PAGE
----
Edinburgh University launches review of buildings linked to racism and slavery
The consulation follows the controversy surrounding David Hume Tower in George Square, which was renamed at the height of the Black Lives Matter protests last year after a petition highlighted the racist views of the 18th Century philosopher.
The university said the consultation, which is set to last around a year, would examine its “relationship with its past” with recommendations to help better reflect its diversity.
Sir Geoff Palmer, a respected voice on racism and slavery said it was a “great honour” to chair the steering committee which will lead the review.
Sir Geoff said: “We will look at David Hume Tower and other buildings. The university has links to buildings all over Edinburgh and we will be looking at these and the individuals linked to them. I imagine it will include statues too.”
Sir Geoff said Hume’s remarks on racism underpinned views that continued to cause suffering today, including the alleged murder of George Floyd by police in Minneapolis last May.
In 1753, Hume wrote in ‘Of National Characteristics’: “I am apt to suspect the negroes and indeed all species of men (for their or four five different kinds) to be naturally inferior to whites.
“There never was a civilised nation of any other complexion than white nor even any individual eminent either in action or speculation.”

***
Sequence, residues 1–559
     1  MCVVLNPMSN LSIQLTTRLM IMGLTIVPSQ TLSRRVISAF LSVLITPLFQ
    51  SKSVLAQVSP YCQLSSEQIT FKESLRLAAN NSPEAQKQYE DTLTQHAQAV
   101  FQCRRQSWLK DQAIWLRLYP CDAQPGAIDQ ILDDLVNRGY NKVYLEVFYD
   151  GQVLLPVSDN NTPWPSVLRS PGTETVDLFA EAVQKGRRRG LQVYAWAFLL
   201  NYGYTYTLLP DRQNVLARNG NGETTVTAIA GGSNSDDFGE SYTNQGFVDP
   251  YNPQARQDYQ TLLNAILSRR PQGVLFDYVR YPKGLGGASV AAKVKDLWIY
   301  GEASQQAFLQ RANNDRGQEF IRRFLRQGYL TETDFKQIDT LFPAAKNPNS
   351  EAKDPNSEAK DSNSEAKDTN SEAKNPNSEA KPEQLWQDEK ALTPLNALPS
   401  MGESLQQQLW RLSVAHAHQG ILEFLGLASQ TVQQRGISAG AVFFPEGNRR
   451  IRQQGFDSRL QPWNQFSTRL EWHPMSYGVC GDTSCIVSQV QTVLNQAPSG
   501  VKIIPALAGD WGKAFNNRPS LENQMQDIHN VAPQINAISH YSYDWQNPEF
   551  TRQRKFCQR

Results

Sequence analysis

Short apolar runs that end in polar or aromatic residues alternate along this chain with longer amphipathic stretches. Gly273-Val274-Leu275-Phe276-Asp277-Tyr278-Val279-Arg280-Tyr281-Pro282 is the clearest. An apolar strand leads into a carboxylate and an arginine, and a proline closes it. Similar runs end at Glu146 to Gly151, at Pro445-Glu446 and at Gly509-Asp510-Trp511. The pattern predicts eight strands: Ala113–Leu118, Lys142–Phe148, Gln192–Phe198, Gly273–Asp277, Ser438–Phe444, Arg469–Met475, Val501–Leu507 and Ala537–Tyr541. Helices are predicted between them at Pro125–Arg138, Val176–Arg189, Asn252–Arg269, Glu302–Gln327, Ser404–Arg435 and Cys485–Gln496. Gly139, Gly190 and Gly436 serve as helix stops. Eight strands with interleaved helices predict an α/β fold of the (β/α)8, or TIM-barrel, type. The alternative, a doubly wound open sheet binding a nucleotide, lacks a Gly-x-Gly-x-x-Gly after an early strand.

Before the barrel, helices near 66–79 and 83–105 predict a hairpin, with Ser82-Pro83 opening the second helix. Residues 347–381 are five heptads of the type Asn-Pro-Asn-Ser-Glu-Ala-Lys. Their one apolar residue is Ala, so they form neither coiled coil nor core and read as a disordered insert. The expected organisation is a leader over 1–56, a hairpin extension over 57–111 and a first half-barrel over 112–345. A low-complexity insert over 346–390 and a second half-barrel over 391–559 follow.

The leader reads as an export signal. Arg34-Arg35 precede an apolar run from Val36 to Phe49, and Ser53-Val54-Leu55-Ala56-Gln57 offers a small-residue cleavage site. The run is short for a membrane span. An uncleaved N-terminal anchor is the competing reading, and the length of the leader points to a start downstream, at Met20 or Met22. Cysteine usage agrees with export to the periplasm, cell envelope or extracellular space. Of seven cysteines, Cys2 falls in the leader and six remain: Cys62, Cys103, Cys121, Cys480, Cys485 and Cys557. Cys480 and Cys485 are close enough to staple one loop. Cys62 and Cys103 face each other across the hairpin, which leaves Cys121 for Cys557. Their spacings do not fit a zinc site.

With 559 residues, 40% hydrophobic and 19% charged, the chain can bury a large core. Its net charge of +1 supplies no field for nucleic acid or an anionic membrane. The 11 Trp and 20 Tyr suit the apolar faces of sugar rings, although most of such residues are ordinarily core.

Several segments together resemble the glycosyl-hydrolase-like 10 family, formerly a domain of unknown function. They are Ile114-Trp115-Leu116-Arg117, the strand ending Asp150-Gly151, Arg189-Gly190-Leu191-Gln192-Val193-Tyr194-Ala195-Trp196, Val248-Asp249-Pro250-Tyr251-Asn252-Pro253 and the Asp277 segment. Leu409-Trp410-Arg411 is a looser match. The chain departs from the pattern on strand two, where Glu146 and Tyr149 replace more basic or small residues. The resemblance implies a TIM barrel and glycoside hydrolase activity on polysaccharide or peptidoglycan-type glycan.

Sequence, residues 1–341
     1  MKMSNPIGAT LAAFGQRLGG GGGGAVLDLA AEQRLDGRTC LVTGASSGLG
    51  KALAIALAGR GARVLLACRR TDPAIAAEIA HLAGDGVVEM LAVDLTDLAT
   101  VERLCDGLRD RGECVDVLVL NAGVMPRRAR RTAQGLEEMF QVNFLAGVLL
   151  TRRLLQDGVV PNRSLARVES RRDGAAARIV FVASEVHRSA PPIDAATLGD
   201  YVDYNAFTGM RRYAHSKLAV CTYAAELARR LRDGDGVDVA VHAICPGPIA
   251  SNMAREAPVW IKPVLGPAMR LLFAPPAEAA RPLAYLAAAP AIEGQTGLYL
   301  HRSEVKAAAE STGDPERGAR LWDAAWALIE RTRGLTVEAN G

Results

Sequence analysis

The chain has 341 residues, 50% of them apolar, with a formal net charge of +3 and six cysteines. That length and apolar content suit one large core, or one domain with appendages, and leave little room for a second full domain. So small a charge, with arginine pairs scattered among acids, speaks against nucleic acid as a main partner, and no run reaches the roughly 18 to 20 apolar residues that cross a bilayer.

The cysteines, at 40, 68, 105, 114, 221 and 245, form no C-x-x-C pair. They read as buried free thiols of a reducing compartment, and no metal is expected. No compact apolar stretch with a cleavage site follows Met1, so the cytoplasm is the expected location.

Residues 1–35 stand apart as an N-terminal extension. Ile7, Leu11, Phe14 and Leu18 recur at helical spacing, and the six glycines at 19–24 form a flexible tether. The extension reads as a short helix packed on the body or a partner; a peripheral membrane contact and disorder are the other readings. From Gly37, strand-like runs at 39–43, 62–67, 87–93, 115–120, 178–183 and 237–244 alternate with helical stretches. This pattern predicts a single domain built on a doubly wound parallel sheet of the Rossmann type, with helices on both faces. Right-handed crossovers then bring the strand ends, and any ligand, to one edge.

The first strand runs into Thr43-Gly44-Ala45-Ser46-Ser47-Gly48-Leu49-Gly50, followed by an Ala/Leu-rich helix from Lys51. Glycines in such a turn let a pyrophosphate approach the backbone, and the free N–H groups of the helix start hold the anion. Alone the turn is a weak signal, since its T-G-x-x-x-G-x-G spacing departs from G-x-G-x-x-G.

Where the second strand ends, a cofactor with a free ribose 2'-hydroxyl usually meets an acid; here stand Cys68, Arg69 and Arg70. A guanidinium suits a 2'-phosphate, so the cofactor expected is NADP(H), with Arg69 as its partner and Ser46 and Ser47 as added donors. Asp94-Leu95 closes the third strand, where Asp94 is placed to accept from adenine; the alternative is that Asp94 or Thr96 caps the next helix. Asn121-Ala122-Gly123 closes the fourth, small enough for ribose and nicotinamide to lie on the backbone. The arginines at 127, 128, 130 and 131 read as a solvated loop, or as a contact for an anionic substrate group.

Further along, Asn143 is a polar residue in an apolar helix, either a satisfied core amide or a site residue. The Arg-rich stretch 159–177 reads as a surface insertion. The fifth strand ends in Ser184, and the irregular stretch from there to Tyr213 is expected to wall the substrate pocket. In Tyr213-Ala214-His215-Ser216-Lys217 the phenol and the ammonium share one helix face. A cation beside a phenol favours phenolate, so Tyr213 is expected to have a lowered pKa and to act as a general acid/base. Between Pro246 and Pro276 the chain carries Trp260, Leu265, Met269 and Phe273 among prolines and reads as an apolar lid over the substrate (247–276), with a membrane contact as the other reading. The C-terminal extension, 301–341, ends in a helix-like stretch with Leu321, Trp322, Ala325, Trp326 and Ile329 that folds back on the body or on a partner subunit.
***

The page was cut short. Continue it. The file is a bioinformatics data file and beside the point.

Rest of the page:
Sir Geoff said: “That was a prejudice, it was prejudged and not based on evidence. The only evidence that Hume had is that someone in Scotland lived in a house and someone in Africa lived in a hut.
“When you back up prejudice with a statement of fact, then it becomes discrimatory.
“That was applied to black people in slavery to justify their enslavement.
“It was also deployed by the police who killed George Floyd.”
Sir Tom Devine, Professor Emeritus at the University of Edinburgh, led condemnaiton of the decision to drop the name of “legendary global colossus of philosophy and history” from the building and the way the matter was handled by the university.
David Hume Tower is now known as its postal address – 40 George Square.
In a recent article for Scottish Review, he wrote: “Hume was born in 1711 and died in 1776. The very pejorative terms which formed the basis of the protest were not recorded in any authoritative English dictionary until 1902 and only three decades after that they come into more common usage.
"Hence to condemn Hume for being a 'racist', a term which did not exist until nearly 150 years after his death, is not only manifestly unjust but patently absurd.”
A university spokesman said the review would be an evidence-based assessment of the University of Edinburgh’s past associations with the Transatlantic slave trade, colonialism and other aspects of race and racism.
"The process will be highly consultative with students, staff, alumni and wider relevant stakeholders asked to take part. It will remain open to the widest possible sources of information and viewpoints.”
As the consultaton opens, former student, Douglas Currie, of Dalkeith Road, is seeking support for his suggestion that 40 George Square should take the name of Africanus Horton, the first African graduate of Edinburgh University, who qualified in medicine in 1859.